Correlations Between ADOS-2: Module 4 Comparison Severity Scores and Standardized Assessment Measures: A Preliminary Examination in Adults with Autism Spectrum Disorder

Thursday, May 12, 2016: 5:30 PM-7:00 PM
Hall A (Baltimore Convention Center)
M. J. Morrier1, O. Ousley2, M. J. Segall3, E. Andari4, J. F. Cubells5 and L. J. Young4, (1)1551 Shoup Court, Emory University, Atlanta, GA, (2)Psychiatry and Behavioral Sciences, Emory University School of Medicine, Decatur, GA, (3)Emory Autism Center, Atlanta, GA, (4)Emory University, Atlanta, GA, (5)Emory University School of Medicine, Atlanta, GA
Background:  The recent update to the Autism Diagnostic Observation Schedule(ADOS-2) included a comparison severity score (CSS) to use as a quantifiable measure of ASD severity independent of one’s age and language functioning (Hus & Lord, 2014; Lord et al., 2012) to standardize the ADOS-2 total algorithm score for use as a dimensional measure of change. A recent article by Hus and Lord (2014) provided a revised algorithm and CSS scores for adults with ASD using Module 4. Comparison severity scores are reported in social affect (SA); restricted, repetitive behaviors (RRB); and Total ADOS-2 algorithm (Total) scores. This study examined the correlation between the CSS scores and individual characteristics of adults with ASD, as measured by standardized assessments of social responsivity reported by self and others, IQ, and memory. All measures were completed as part of an eligibility assessment for the Conte Center for Oxytocin and Social Cognition at Emory University.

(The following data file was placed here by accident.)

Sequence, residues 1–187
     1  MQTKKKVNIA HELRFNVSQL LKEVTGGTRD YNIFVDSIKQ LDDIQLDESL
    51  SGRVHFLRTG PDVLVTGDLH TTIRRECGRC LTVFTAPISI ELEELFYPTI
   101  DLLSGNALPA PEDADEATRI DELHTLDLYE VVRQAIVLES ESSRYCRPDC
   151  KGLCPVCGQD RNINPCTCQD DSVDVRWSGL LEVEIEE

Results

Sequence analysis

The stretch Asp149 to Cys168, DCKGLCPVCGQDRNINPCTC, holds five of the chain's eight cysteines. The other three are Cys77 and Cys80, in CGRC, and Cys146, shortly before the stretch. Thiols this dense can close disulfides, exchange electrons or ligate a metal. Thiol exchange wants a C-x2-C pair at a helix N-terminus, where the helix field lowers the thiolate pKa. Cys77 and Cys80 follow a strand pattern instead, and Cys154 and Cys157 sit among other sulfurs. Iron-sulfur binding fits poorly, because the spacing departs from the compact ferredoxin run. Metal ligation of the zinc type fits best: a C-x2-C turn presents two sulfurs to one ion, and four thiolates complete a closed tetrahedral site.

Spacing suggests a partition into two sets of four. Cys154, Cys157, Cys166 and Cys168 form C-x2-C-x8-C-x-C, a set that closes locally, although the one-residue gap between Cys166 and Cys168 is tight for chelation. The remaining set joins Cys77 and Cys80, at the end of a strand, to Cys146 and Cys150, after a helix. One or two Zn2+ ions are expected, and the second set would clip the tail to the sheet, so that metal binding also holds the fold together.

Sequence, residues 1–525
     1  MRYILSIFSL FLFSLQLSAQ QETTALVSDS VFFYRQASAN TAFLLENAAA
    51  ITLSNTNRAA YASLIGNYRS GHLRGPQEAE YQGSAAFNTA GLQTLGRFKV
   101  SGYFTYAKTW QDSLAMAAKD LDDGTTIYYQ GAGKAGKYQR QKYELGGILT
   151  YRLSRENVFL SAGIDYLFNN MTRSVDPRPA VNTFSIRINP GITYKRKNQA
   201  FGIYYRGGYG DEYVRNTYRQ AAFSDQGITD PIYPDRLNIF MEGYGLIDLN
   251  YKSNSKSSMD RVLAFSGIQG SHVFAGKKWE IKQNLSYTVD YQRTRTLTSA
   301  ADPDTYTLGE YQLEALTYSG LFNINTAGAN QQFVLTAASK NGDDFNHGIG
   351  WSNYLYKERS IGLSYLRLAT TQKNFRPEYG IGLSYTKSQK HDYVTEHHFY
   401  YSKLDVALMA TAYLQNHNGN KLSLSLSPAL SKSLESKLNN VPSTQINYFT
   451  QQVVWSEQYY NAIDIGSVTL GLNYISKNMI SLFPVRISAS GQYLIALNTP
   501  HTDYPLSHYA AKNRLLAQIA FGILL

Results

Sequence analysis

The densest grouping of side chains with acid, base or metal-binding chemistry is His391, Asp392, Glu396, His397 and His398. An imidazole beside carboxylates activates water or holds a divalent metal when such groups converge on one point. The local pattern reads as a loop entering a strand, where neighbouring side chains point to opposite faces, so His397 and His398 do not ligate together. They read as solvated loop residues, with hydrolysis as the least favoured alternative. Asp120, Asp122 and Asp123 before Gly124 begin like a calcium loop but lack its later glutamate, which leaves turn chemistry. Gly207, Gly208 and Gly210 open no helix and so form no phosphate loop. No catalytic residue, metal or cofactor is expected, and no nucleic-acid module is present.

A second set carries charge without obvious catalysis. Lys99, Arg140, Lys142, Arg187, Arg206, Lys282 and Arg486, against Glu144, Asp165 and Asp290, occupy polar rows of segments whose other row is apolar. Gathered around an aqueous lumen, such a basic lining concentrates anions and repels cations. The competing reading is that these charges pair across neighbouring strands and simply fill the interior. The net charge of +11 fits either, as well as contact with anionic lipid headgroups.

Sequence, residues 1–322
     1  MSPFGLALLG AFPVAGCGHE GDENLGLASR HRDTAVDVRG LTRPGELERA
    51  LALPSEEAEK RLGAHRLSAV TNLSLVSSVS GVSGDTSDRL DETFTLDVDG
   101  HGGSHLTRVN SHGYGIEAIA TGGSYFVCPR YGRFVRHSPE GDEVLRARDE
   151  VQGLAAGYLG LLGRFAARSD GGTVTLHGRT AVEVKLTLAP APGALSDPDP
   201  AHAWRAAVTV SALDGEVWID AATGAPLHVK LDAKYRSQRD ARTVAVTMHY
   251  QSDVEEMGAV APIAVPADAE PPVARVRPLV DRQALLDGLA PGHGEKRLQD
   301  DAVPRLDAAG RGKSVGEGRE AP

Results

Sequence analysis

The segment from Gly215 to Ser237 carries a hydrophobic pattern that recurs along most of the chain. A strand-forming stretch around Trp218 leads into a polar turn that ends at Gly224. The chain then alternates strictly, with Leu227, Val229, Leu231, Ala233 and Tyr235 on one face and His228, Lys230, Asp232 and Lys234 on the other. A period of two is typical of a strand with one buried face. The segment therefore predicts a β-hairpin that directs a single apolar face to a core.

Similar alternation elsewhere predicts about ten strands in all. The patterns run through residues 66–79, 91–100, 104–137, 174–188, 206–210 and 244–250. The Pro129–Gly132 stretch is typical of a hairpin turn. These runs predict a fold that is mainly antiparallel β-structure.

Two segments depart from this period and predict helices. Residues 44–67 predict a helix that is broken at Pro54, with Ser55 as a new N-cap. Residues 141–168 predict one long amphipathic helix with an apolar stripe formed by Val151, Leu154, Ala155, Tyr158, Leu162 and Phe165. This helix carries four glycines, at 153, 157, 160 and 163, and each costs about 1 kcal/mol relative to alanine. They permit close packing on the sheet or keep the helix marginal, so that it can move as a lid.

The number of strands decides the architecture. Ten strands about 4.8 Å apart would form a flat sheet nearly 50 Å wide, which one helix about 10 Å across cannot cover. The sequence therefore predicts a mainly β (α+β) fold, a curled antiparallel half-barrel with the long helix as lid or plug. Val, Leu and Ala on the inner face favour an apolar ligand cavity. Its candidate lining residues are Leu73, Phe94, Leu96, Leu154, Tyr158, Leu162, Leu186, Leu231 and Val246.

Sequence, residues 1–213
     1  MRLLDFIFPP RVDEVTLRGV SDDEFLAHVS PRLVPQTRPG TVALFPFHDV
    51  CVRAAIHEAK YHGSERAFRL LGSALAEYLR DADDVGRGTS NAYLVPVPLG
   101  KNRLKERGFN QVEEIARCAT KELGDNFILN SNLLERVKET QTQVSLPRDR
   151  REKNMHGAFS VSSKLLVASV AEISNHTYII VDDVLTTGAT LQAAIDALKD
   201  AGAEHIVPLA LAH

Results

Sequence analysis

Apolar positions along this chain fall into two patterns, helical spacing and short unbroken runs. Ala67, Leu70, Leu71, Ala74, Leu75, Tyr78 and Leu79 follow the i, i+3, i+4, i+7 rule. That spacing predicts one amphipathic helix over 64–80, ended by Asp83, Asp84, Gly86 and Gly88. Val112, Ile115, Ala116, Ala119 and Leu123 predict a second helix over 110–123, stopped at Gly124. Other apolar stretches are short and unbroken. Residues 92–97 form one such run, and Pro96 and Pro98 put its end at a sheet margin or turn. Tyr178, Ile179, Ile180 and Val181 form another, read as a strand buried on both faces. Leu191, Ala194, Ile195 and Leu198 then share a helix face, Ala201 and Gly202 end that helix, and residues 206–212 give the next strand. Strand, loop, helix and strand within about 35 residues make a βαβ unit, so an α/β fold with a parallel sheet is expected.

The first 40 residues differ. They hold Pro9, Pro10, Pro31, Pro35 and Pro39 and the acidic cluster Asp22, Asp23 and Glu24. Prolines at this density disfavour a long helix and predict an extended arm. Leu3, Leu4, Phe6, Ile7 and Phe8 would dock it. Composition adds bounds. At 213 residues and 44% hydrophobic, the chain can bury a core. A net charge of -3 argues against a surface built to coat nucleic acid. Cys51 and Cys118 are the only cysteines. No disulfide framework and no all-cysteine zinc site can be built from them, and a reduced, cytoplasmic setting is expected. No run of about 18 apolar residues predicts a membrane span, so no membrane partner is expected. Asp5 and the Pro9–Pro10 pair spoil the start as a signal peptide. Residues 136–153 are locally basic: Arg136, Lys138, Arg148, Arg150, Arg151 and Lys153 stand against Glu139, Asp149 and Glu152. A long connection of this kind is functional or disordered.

Objectives:  To examine the correlation between standardized measures and ADOS-2: Module 4 CSS scores in order to determine which measure might be the best predictor of CSS scores.

Methods: Twenty-two male adults with ASD participated (M age = 27 years, 1 month, SD = 4 years, 1 month; M WASI-II Full Scale = 115.48, SD = 39.79). Standardized measures included the SRS-2 Social Communication and Interaction (SCI), Restricted Interests and Repetitive Behavior (RRB), and the Total SRS-2 t-scores from the self and other reports; standard scores for WAIS-II Verbal Comprehension, Perceptual Reasoning, and Full Scale-4. WMS-IV scaled sores on the Logical Memory Immediate, Logical Memory Delayed, Visual Reproduction Immediate and Visual Reproduction Delayed subtests. CSS scores were determined from Hus and Lord (2104) article. To facilitate comparison across assessments, all standard scores with the exception of ADOS-2 CSS scores were converted to z-scores by using the formula (score-mean)/standard deviation.

Results: Bivariate correlations indicated that only IQ scores predicted the CSS scores. In particular, we found a negative correlation between both sub-domains of IQ (Verbal Comprehension and Perceptual Reasoning) and the SA CSS (r = -.642, p < .01; r = -.531, p < .01, respectively). Negative correlations were also found for IQ sub-domains and the Total CSS (r = -.513, p < .01; r = -.442, p< .05, respectively). All other measures did not correlate with the CSS.

Conclusions: Our preliminary and exploratory results indicate that the CSS score of the ADOS-2: Module 4 is associated with intellectual abilities in adults with ASD. Our findings suggest that CSS or ADOS-2 scores are not necessarily reflecting only social functioning, but are also related to an individual’s intellectual characteristics. Further replications are needed on a larger sample. To optimize use of the ADOS-2 CSS scores as measures of change, researchers may need to control for intellectual ability in psychopharmacological and behavioral intervention studies that target core ASD symptoms.